WELLINGTON NORTH – Increasing demands on the township’s Community Improvement Program (CIP) may compel council to be more restrictive in distributing funds, says Mayor Andy Lennox.
Council approved the first two CIP applications of 2021 on Jan. 11.
One grant was a $2,200 contribution for façade improvements at Eclectica … the gift store in downtown Arthur.
Economic development officer Dale Small called the upgrades a “fairly standard” façade improvement project, which included new shingles and signage.
Total cost of the improvements is estimated at $4,406 and the applicant is eligible for 50 per cent funding under our Façade Improvement Program.
The second grant for up to $10,000 from various streams of the CIP program was allocated to Jessica Pfisterer, owner of The Pfisterer Farm located on Line 6.
Pfisterer intends to design and build a self-sustainable, passive, solar, four-season greenhouse capable of growing local produce year round.
“With minimal inputs and environmental impact this operation will work towards supporting the regional food security strategy for Guelph and Wellington County,” stated Small in a written report.
“Using innovative technology and solutions the greenhouse will be one of a kind, with the goal of local and international replication.”
The operation will feature over 2,000 square feet of growing space with an estimated production of 800 heads of leafy greens weekly, 900 pounds of tomatoes and 600 microgreen flats grown hydroponically per year.
“As part of their desire and commitment to transparency and community engagement, they also plan to offer workshops and tours of the greenhouse and their regenerative farm,” Small states in the report.
“Their goal is to become a sought-after tourism destination when visiting Wellington County – and more specifically, Wellington North.”
Small told council the greenhouse operation is a “pretty unique proposal,” for the CIP program.
“A couple years ago the program was extended to support agri-businesses,” Small explained.
“Not in terms of building barns and stuff like that, but where they have a retail business, or where they’re getting into the agri-tourism business or the agri-food business, then they qualify for funding.”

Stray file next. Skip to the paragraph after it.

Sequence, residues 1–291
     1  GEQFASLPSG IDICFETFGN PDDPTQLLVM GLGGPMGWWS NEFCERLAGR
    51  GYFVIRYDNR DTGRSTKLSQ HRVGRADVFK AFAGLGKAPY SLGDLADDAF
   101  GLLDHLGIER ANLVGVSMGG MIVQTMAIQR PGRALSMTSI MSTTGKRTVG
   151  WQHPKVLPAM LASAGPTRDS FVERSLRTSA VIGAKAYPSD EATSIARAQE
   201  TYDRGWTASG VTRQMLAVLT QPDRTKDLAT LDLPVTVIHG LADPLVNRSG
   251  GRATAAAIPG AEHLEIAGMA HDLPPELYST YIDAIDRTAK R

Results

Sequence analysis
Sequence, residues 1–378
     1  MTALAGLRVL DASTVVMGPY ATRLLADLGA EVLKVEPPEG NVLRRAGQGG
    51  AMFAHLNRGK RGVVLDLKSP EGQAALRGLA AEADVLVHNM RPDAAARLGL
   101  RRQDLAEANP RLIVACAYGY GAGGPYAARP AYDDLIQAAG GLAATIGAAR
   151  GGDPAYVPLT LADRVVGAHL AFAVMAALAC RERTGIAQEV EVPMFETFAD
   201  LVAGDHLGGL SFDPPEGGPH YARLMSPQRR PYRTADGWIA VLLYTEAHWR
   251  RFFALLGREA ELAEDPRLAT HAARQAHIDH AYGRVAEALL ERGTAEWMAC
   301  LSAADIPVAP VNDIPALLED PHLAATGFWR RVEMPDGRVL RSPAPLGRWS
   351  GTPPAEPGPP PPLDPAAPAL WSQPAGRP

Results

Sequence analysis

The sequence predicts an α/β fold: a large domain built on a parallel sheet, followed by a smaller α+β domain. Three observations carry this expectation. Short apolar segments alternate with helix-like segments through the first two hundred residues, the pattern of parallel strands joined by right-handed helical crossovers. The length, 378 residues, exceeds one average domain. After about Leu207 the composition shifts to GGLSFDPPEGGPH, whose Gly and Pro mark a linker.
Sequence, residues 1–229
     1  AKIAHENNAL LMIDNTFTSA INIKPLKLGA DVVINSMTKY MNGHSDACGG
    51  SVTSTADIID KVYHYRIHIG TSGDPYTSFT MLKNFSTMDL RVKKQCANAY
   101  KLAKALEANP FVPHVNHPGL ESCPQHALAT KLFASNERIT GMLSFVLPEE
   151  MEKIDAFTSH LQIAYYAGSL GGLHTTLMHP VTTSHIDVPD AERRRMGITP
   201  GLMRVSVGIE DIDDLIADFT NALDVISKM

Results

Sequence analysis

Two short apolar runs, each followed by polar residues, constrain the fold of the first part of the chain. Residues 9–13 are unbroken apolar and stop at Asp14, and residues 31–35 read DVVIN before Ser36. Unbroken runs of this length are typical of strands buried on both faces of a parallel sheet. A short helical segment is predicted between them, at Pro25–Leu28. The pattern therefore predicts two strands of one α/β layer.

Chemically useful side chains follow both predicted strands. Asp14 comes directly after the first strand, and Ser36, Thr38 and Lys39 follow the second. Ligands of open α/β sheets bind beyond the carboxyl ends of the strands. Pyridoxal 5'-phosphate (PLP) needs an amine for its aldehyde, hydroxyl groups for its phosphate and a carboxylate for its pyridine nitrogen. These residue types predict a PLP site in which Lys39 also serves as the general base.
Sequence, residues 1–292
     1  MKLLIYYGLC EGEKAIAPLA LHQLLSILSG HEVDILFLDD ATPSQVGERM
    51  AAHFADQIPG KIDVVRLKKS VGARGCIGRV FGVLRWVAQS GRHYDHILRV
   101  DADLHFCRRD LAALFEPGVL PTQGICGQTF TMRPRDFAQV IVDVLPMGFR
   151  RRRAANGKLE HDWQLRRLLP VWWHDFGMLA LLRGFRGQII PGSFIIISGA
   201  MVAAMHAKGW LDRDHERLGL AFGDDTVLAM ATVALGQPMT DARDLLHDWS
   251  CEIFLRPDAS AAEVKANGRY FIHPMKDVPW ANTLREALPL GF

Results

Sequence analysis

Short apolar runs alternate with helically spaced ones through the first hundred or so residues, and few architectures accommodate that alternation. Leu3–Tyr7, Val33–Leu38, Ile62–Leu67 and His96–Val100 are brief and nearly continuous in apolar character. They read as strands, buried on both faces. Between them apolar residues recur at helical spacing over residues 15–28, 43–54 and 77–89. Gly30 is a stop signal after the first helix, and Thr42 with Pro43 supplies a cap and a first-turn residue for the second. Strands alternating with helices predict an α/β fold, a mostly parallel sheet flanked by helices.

Councillor Steve McCabe said, “I think this is just a really unique opportunity for our municipality. I fully support something like this and I hope it’s the start of many more.”
However, Lennox questioned if providing $10,000 from the program to a single applicant would mean turning other businesses down later.
“It’s always a risk in terms of running out of funding,” said Small, noting the program’s entire $35,000 budget was allocated partway through 2020 and council agreed to provide an additional $35,000.
“And that would be the case again this year,” if the program runs out of money, Small explained.
A total of $35,000 has been budgeted for CIP grants in 2021.
“I see this program continuing to ramp up in terms of applications and I’m just concerned that we’re going to get to a point where were going to set some priorities around this,” said Lennox.
“I’m happy to support this recommendation, but I think we have to think about how we’re going to sort through this if it continues to grow as it has the last couple of years.”
Small said plans are in the works to “refresh” the program with the addition of criteria for energy efficiency-related projects. He suggested the overall application process could be revised to address the concerns raised by Lennox.
Council unanimously passed a resolution to accept Small’s report and approve the two grants.